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The Gulf War: The Origins and Implications of the Iraq-Iran Conflict


Auteur : Majid Khadduri
Éditeur : Oxford University Press Date & Lieu : 1988, New York & Oxford
Préface : Pages : 236
Traduction : ISBN : 0-19-504529-7
Langue : AnglaisFormat : 145x215mm
Code FIKP : Liv. Eng. Kha. Gul. N° 1529Thème : Général

Présentation
Table des Matières Introduction Identité PDF
The Gulf War: The Origins and Implications of the Iraq-Iran Conflict

The Gulf War: The Origins and Implications of the Iraq-Iran Conflict

Majid Khadduri

Oxford University

“Why has this war, it may be asked, proved so difficult to control and bring to an end…? Is it really a conflict about frontiers and territorial sovereignty, as it has been dealt with by diplomats at international councils, or the projection of an urge on the part of one country or the other for domination over a region potentially rich in oil and strategically vital in any possible conflagration in which the major powers of the world might be involved? Are the confessional (sectarian) divisions in Islam, to which the majority of the people of the region belong, the root cause of the conflict, or are they merely the rationalization of deeper historical events and traditions which consciously or unconsciously prompted rival rulers to engage in competition and conflict? How much should the foreign powers, let alone the super powers, get involved in this conflict, and has their involvement aggravated or reduced the dimensions of the conflict?”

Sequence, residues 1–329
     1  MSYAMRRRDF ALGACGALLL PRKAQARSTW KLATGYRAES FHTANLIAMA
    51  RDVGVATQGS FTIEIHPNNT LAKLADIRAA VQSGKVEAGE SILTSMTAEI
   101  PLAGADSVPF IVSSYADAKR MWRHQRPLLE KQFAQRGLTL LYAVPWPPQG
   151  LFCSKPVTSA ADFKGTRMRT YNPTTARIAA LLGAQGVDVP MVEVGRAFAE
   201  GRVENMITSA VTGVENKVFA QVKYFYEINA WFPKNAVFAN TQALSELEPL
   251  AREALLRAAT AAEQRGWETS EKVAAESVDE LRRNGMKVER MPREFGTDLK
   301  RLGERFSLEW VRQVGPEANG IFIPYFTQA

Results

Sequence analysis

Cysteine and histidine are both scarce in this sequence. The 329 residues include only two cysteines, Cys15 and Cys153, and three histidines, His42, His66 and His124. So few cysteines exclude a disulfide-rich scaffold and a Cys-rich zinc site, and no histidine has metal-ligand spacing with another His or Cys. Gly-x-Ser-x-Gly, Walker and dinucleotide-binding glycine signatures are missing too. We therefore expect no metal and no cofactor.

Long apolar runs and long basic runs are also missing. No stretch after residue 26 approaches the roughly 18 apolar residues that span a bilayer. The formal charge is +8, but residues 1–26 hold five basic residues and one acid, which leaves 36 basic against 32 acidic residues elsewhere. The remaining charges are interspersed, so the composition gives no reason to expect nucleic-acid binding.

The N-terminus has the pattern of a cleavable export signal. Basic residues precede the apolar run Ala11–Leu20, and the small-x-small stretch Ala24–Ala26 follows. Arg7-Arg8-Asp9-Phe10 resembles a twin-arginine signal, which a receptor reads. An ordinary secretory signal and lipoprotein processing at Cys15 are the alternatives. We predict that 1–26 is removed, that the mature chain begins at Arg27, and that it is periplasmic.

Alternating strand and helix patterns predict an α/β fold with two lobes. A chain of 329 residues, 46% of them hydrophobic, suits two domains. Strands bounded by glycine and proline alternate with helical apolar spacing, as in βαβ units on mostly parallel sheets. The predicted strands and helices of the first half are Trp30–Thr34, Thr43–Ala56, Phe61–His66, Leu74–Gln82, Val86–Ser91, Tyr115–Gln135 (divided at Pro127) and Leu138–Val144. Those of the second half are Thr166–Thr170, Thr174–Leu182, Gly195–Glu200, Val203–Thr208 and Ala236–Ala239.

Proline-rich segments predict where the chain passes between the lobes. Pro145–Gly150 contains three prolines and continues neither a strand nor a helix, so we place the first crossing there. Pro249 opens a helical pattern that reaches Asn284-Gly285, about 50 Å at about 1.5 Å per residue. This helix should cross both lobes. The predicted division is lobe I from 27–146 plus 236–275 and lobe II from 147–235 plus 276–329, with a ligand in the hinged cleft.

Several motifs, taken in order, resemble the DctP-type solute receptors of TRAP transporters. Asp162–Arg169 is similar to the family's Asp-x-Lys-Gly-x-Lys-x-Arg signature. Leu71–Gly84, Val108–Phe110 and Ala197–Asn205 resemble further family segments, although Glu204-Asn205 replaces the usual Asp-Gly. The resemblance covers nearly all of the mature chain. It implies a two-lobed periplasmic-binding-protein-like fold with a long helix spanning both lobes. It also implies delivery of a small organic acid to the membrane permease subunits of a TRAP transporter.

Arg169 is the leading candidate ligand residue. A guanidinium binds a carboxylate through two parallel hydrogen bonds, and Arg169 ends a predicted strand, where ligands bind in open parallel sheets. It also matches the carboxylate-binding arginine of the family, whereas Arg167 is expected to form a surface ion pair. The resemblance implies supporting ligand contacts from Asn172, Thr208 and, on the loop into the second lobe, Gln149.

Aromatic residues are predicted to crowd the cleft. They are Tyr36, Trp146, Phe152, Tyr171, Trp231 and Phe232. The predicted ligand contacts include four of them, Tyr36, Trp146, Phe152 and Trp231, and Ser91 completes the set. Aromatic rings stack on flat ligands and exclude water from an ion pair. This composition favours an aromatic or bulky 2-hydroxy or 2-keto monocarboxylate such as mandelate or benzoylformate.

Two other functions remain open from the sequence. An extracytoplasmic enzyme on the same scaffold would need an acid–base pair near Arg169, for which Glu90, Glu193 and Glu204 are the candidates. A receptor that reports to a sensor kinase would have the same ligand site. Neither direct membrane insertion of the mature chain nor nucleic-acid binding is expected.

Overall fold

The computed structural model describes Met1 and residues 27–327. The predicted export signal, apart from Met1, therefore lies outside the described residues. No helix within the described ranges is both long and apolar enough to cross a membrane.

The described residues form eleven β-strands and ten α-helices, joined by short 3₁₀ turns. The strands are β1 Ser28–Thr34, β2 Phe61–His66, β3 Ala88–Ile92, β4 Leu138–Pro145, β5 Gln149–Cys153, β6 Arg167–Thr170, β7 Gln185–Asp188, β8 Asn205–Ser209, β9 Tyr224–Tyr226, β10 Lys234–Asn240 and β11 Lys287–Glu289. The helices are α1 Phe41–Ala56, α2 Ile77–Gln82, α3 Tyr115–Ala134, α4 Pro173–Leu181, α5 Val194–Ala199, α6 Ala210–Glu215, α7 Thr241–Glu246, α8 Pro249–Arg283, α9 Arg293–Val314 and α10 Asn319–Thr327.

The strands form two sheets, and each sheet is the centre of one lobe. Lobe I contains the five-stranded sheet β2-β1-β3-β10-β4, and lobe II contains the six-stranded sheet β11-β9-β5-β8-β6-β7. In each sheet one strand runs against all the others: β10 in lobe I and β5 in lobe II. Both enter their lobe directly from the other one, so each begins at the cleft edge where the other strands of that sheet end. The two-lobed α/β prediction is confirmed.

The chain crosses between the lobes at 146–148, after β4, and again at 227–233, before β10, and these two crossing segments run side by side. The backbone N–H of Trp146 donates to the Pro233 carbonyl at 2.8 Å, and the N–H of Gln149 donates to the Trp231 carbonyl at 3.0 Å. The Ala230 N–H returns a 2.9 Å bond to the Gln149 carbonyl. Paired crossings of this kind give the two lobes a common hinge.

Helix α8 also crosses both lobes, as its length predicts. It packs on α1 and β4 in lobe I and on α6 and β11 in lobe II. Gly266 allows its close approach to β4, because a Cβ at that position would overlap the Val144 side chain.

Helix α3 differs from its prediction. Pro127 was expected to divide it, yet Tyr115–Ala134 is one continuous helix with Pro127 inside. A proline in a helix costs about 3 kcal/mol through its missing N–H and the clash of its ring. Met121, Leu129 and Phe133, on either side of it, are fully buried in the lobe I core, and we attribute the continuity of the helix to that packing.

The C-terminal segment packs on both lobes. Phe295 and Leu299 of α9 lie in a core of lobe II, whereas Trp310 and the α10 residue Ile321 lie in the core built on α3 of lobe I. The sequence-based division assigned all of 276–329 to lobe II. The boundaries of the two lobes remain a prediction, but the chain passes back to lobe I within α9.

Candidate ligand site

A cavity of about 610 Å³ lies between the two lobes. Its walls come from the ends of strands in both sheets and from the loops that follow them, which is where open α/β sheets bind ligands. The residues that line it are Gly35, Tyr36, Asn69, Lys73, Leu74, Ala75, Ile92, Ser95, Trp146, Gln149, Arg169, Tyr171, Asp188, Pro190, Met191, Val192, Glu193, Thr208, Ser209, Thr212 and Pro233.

Majid Khadduri is University Distinguished Research Professor Emeritus at Johns Hopkins University School of Advanced International Studies. He is the founder and former director of the Center for Middle East Studies, and the author of more than two dozen books (in English and Arabic) on the Middle East.



PRESENTATION

Now in its seventh year, the Iraq-Iran War has recently become the focus of intense world-wide attention, especially in the United States, where the attack on the USS Stark, the reflagging of the Kuwayti tankers, and the heavy presence of American warships in the Gulf have sparked a heated debate in Congress and among the American people. How did this conflict begin? And how can it be resolved?